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Brett Favre’s First Interception

Posted by Matt Terl on November 24, 2010 – 10:01 am

It was pointed out to me yesterday that my referring to the Vikings as “flailing” or “imploding” or “floundering” might operate as some kind of a jinx on the Redskins. So, as I prepare to write some more about Brett Favre chucking interceptions like it’s his mission in life, let me take a second to point out that this Vikings team is coming off a hugely successful year. In 2009, Favre had the kind of year that helped make him a household name — 4,202 yards, 33 touchdowns, 7 interceptions — and he led the Vikings to overtime of the NFC Championship Game.

Of course, he also pretty much singlehandedly LOST that NFC title game by throwing an atrocious across-his-body interception in the fourth quarter that ensured that the Vikings couldn’t win in regulation; Minnesota never touched the ball in overtime. So even a truly great season for Brett Favre ended on a game in which he threw two interceptions — appropriate, since his first regular season NFL action came in a game in which he went 0-for-4 with, yes, two interceptions in garbage time duty.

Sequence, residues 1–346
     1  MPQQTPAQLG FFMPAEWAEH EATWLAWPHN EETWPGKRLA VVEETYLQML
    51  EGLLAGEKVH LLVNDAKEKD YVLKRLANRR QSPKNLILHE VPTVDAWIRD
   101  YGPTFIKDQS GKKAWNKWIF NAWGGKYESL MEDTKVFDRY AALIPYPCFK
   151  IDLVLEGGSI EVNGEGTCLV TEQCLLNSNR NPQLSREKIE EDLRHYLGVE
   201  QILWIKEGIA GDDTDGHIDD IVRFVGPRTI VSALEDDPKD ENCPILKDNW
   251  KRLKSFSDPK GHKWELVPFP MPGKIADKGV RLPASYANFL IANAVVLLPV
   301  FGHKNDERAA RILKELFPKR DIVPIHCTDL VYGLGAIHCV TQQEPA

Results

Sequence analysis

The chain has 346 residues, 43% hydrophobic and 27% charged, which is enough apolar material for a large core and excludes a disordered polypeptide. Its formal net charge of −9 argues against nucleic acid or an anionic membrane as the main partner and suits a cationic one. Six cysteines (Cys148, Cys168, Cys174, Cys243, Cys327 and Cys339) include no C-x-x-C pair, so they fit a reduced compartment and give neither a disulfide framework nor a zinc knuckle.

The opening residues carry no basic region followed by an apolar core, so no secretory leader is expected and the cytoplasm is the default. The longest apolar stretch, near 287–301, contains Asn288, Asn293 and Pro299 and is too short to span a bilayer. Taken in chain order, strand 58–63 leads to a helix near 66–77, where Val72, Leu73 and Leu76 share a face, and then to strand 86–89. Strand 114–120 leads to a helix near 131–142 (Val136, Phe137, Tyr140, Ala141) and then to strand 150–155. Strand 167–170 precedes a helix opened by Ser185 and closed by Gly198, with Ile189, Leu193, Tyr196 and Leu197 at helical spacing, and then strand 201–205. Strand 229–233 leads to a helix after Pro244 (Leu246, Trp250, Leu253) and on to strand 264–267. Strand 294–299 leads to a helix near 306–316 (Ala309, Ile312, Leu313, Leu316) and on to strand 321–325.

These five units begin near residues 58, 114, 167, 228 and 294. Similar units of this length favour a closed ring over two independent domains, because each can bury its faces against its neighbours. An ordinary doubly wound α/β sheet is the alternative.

Favre’s team at the time was the Atlanta Falcons, and the 1991 Washington Redskins were the team that was beating the Falcons badly enough to get the rookie into the game. Favre’s first NFL pass, in fact, went to Redskins linebacker Andre Collins, who took it back for the final touchdown of a 56 point day for the Redskins. The play didn’t get all that much attention at the time — it was the last score in a huge blowout, and Favre was several years, one Farrelly Brothers movie, and one trade away from becoming the beloved gunslinger and the Nation’s Quarterback — but it turns up by sheer coincidence in the introduction to “March To Minneapolis,” the Redskins’ 1991 yearbook.

So here it is: Brett Favre’s first NFL pass, first NFL interception, and first NFL pick-six, all in one:

Here’s what Richard Justice wrote about the play for a sidebar in the following day’s Washington Post, including Andre Collins’ description of what happened. (Yes, Brett Favre’s first NFL interception rated just a sidebar.)

Andre Collins finished the scoring for the Redskins with his second career interception and first touchdown. It came with 52 seconds remaining when he stepped in front of receiver Mike Pritchard and intercepted a Brett Favre pass at the 15. Pritchard had tipped the ball to him. Collins tipped it himself, then pulled out of Pritchard’s grasp to score.

“My guy went shallow and I broke toward him,” Collins said. “I think I was lucky. He tipped it once and I tipped it six more times. It’s funny. I was wondering the other day why I never got a tipped ball. When I got in the end zone, I had no idea what I was doing. Wilber [Marshall] saved the ball for me. I’d just thrown it somewhere. He was out there playing with a little sense.”

Hopefully we’ll see a few more of those on Sunday, when Favre and the mighty Vikings come to FexExField.

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